Iran is determined to develop a nuclear weapon, and all evidence suggests that nothing short of force is going to stop it. That applies especially to the combination of low-level negotiations and economic sanctions, which, despite a history of failure, remain the preferred approach of the Obama administration, Congress and the mainstream media.
The mullahs in Tehran know that if they can just last another few months, not only will sanctions be moot, but their nuclear arsenal will give them dominance of the Persian Gulf and ironclad security for their regime – both of which will offer the additional advantage of allowing increased support for terrorist allies and the possibility of harming Israel and the United States.
Sanctions are almost always a chimera. At least in the modern age, they have caused only two nations to change fundamental policies: Rhodesia and South Africa. But in both instances the sanctions took many years to work and were nearly absolute, as the Communist bloc was all too happy to help in strangling outposts of the West, and the West was willing to give up two of its allies.
Since late 2006, there have been three rounds of the mildest of sanctions imposed by the UN Security Council for Iran’s breach of the Nuclear Nonproliferation Treaty. But even if they’re of marginally increasing stringency, their extreme weakness has barely affected the Iranian economy.
The mullahs haven’t budged. Nor has Tehran shown any signs of giving up uranium enrichment in response to even harsher sanctions imposed by the U.S., Britain and France. That’s not surprising, since other Western nations, especially Germany and Italy, continue to maintain an extensive trade with Iran, not only in the goods and services their allies refuse to sell, but also in “dual-use” items such as precision instruments, computer software, and tunneling equipment that may help sustain the Iranian nuclear program.
The Chinese and Russians continue to play their cynical game of reproaching the Iranians over their nuclear program after diluting and delaying the sanctions. The Russians have even recently announced a new strategic relationship with Iran, and promised last December to sell what may be the most effective surface-to-air defense system in the world, the S-300 (the prospective delivery of which may trigger Israeli military action).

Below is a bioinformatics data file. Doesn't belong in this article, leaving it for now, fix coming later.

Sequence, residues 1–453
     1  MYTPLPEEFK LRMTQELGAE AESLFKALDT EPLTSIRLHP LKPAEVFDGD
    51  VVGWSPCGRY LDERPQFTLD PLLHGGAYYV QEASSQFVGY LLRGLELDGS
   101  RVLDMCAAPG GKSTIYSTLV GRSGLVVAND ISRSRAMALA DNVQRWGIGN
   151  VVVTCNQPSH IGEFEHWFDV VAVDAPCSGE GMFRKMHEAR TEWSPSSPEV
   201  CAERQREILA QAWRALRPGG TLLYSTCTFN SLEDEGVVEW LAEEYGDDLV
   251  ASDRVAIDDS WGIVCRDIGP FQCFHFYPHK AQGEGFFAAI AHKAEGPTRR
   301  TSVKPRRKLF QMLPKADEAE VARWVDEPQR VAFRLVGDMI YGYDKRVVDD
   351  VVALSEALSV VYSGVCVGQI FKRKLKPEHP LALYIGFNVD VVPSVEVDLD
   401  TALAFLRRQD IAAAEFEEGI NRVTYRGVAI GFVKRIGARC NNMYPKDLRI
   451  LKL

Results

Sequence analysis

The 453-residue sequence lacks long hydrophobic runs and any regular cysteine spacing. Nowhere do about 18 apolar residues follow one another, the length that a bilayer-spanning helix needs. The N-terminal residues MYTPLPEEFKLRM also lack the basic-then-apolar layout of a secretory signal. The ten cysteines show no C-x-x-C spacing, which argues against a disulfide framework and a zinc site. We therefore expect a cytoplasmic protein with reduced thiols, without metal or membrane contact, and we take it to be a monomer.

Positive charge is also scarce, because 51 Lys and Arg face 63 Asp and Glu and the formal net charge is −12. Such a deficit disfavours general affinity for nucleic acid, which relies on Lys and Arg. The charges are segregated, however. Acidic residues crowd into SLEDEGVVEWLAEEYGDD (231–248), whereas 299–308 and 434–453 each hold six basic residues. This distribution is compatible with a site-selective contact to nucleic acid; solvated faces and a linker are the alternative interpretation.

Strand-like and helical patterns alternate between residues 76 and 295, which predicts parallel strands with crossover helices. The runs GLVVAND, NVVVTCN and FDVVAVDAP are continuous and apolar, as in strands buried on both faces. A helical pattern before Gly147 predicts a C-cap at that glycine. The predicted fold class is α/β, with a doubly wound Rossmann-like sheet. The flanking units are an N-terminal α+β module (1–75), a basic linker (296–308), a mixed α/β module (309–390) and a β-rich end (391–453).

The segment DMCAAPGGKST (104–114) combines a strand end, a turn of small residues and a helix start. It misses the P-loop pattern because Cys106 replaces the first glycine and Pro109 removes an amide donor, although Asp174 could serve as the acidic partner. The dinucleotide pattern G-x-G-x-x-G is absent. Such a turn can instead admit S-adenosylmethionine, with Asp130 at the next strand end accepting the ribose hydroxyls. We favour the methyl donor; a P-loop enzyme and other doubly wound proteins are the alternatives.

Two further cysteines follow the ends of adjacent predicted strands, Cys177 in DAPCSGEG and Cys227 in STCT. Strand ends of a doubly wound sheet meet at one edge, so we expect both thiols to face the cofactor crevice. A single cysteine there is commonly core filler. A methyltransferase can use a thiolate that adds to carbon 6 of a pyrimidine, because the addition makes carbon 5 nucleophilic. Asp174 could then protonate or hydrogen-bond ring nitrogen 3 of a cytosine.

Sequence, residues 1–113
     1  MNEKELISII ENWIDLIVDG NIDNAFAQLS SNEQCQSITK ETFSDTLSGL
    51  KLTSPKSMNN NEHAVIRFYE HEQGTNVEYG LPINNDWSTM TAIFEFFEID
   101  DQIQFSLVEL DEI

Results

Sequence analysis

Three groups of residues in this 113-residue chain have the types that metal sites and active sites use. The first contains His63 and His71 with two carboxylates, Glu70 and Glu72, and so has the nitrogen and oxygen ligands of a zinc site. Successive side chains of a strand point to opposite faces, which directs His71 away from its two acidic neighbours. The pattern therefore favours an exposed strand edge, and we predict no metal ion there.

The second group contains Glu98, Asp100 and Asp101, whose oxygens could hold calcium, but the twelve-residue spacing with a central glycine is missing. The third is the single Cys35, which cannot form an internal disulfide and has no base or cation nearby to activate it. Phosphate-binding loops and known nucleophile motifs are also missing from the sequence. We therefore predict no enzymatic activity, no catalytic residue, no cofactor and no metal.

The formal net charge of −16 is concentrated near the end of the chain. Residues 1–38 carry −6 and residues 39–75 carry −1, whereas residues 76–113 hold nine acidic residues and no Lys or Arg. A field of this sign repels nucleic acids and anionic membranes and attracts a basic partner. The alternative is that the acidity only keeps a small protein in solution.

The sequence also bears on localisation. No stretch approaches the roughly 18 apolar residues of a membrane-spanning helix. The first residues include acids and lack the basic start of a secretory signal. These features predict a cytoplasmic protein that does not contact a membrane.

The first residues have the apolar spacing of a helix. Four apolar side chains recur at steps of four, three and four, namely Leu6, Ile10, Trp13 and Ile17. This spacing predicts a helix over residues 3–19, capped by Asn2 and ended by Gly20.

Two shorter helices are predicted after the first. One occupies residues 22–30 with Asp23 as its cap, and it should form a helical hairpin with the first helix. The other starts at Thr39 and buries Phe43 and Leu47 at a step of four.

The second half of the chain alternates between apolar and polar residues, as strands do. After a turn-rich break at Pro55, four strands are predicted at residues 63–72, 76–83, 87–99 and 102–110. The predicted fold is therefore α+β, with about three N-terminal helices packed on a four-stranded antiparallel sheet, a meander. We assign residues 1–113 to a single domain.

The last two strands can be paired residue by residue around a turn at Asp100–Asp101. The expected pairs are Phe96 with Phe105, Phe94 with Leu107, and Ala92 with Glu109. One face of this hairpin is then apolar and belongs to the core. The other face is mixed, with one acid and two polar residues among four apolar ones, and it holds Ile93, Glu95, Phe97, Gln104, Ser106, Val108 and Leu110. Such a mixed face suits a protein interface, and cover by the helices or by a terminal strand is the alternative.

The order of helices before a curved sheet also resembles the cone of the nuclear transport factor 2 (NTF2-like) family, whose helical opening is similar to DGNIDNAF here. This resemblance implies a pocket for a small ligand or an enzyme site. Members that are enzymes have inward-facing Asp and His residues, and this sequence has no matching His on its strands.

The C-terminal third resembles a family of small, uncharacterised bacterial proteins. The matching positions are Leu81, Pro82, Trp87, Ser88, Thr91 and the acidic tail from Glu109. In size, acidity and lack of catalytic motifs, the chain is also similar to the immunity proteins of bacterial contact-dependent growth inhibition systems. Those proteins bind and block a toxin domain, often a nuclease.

Both Russia and China may therefore be counted on to forestall harsher actions and supply any goods and services that may become unavailable in response to tightened Western trade. Certainly Iranian nuclear weapons present little threat to China or Russia. The mullahs know that even to threaten Russia or China could have devastating consequences, as the current and former communist giants have none of the scruples of the West in dealing with those who threaten them. For their part, Russian and Chinese leaders are only interested in maintaining their power and wealth, not the well-being of their own nations, let alone that of the world; an interest that is served by undermining -- or worse -- the West, particularly the United States.
Often presented as a glimmer of hope is the program of banking sanctions imposed by the U.S. Under pressure, these sanctions have been accepted by an increasing number of the financial institutions in crucial allied countries, particularly Germany. Since the U.S. is at the center of the world financial system, with its Western allies a critical adjunct, the Iranians have certainly felt the squeeze, as their Russian and Chinese friends can offer little help. Both government and private financial transactions by Iranian individuals and businesses have become more difficult or more expensive, and there were even reports last year that Iranian embassies in Europe were paying debts in wads of cash.
At the same time, the Iranian economy is much more primitive than those in the West, and adversaries will not remain static in response to our actions. Low cunning is the special province of the less powerful, and the Iranians have adapted, and will adapt, to circumstances. For example, they may return to such old-fashioned practices as using informal “letters of credit” that depend on personal and family relationships. A merchant in Teheran might ask a relative in one of the Gulf States to pay for goods there in return for which the Teheran merchant will pay for Iranian goods to be shipped to a Gulf State. The Iranians would still seem to have room to maneuver. And always there is the matter of limited time.
In considering the complex calculus of how much time is available for the sanctions to work, how thorough they might be, and the hardships the Iranian people will accept -- all in light of the payoff for obtaining a nuclear weapon -- it seems clear what Iran’s leaders have made their decision. And they’ve decided to push on toward the finish line for producing nuclear weapons.